A hard lock condition in the remote PC 66 does not result in false signals at the reporting device 68. A hard lock condition in the remote PC 66, leads to either a non-alternating result signal or no result signal on the external line 70 as was discussed above. New result signals do not include situations where either a non-alternating, constant, result signal for test continuing or where no result signal is read from the external line 70. As illustrated at blocks 143 and 144 of
The processing unit 67 passively monitors the remote PC 66 with the two simple logic circuits 132 and 134 and the timer circuit 136. The first logic circuit 132 sends first and second logic signals to the reporting device 68 in response to receiving the result signals that the test is failed or passed from the external line 70. The second logic circuit 134 only sends the above-mentioned first logic signal and only in response to receiving, from the external line 70, either no result signal or a constant, non-alternating result signal that the test is continuing. The timer circuit 136 controls an enable input 138 of the second logic circuit 134 and enables the second logic circuit 134 only after the result signal from the external line 70 is constant during at least one time period of a preselected length. Situations where the second logic circuit 134 sends an output to the reporting device 68 define the no new result signal situation in this embodiment of the monitoring device 65. The reporting device 68 takes the same fail and pass actions in response to said respective first and second logic signals as in other embodiments.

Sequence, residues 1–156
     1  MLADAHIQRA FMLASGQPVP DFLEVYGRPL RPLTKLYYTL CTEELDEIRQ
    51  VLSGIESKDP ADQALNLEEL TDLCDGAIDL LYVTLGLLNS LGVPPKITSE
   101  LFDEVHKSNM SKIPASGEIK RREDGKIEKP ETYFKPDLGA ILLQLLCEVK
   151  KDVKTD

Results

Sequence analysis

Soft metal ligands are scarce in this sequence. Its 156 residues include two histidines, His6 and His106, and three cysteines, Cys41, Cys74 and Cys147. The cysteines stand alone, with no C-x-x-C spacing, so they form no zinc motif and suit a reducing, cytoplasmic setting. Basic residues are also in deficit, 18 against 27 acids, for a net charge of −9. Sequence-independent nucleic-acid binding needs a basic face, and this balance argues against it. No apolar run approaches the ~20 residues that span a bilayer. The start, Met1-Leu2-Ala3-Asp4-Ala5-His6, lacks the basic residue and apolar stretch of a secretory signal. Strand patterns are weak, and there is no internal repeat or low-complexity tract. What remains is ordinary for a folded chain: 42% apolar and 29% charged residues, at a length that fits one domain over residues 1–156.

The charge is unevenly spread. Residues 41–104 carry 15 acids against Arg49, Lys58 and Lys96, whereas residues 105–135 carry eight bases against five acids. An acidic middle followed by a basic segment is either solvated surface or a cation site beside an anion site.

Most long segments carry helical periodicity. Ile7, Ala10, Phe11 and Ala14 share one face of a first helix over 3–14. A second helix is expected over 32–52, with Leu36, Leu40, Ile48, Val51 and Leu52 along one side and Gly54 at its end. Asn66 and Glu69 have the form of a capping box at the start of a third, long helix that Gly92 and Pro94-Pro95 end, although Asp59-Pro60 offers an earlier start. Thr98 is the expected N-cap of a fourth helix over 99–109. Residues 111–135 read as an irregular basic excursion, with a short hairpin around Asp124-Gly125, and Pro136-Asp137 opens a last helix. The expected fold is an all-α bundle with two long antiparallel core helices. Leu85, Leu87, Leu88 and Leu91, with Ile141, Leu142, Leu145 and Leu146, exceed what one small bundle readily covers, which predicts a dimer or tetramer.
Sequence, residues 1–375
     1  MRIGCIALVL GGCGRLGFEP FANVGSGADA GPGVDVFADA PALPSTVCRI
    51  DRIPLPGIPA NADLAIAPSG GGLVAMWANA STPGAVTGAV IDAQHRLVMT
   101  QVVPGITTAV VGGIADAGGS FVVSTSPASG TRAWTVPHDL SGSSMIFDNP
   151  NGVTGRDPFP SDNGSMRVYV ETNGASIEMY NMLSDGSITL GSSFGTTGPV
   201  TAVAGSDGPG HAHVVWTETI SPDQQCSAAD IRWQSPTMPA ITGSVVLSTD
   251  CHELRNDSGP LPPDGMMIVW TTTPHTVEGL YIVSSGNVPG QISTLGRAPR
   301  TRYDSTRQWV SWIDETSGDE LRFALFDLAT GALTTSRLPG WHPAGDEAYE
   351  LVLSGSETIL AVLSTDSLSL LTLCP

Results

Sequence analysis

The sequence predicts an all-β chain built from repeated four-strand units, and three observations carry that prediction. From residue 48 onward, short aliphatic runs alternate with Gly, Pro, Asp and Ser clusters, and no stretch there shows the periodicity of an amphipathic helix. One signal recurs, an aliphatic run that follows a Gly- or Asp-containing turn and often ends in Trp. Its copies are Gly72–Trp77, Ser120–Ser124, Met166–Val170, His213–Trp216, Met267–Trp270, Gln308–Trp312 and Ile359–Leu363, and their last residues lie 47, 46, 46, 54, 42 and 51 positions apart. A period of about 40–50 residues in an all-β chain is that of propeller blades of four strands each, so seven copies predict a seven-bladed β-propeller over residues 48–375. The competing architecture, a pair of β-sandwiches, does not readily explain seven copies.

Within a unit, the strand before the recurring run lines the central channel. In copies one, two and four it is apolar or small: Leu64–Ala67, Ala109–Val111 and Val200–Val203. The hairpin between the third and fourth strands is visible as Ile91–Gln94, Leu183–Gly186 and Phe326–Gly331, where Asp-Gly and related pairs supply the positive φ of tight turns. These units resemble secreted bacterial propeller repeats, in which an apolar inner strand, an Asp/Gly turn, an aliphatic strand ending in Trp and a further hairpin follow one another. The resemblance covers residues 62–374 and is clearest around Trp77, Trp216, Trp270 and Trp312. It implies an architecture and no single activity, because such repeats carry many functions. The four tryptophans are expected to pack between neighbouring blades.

All the methods and apparatus disclosed and claimed herein may be made and executed without undue experimentation in light of this specification. While the apparatus and methods of this invention have been described in terms of specific embodiments, it will be apparent to those of ordinary skill in the art that variations may be applied to the methods and apparatus herein without departing from the concept, spirit, and scope of the invention. All such variations and modifications apparent to those of ordinary skill in the art are deemed to be within the spirit, scope, and concept of the invention as defined by the appended claims.
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|U.S. Classification||714/55, 714/E11.204, 714/703, 714/742, 712/1, 714/25, 714/47.1|
|Sep 17, 1999||AS||Assignment|
Owner name: MICRON ELECTRONICS, INC., IDAHO
Free format text: ASSIGNMENT OF ASSIGNORS INTEREST;ASSIGNOR:COWAN, JEFFREY;REEL/FRAME:010248/0431
Effective date: 19990828
|Mar 30, 2001||AS||Assignment|
Owner name: MEI CALIFORNIA, INC., CALIFORNIA
Free format text: ASSIGNMENT OF ASSIGNORS INTEREST;ASSIGNOR:MICRON ELECTRONICS, INC.;REEL/FRAME:011658/0956
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Owner name: MICRON TECHNOLOGY, INC., IDAHO